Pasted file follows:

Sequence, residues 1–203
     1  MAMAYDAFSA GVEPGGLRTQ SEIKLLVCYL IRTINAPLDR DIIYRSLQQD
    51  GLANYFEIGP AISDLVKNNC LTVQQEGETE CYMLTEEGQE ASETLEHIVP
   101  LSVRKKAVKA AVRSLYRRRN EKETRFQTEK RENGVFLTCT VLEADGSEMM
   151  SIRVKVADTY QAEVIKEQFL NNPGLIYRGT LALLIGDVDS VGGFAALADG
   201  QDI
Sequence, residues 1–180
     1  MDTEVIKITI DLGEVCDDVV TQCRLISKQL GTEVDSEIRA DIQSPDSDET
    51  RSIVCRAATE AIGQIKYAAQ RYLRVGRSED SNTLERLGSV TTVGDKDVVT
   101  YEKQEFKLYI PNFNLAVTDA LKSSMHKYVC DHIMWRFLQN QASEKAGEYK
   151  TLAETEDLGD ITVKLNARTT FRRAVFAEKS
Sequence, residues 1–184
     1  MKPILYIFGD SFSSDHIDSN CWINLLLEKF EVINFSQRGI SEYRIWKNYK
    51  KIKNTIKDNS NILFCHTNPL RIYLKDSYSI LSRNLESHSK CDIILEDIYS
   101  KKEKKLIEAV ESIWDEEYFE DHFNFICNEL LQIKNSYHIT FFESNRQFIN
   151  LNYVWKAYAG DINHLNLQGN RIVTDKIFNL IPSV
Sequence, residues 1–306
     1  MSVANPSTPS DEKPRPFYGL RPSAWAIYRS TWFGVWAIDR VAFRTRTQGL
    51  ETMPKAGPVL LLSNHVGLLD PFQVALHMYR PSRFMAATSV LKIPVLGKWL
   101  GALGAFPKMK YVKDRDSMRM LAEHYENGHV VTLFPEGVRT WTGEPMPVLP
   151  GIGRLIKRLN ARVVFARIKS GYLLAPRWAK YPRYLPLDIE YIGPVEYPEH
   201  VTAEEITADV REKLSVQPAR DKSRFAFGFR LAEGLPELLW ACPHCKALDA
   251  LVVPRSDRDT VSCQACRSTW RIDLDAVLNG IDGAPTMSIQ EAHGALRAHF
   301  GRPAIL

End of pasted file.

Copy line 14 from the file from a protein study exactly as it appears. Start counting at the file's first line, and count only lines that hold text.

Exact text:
    51  KIKNTIKDNS NILFCHTNPL RIYLKDSYSI LSRNLESHSK CDIILEDIYS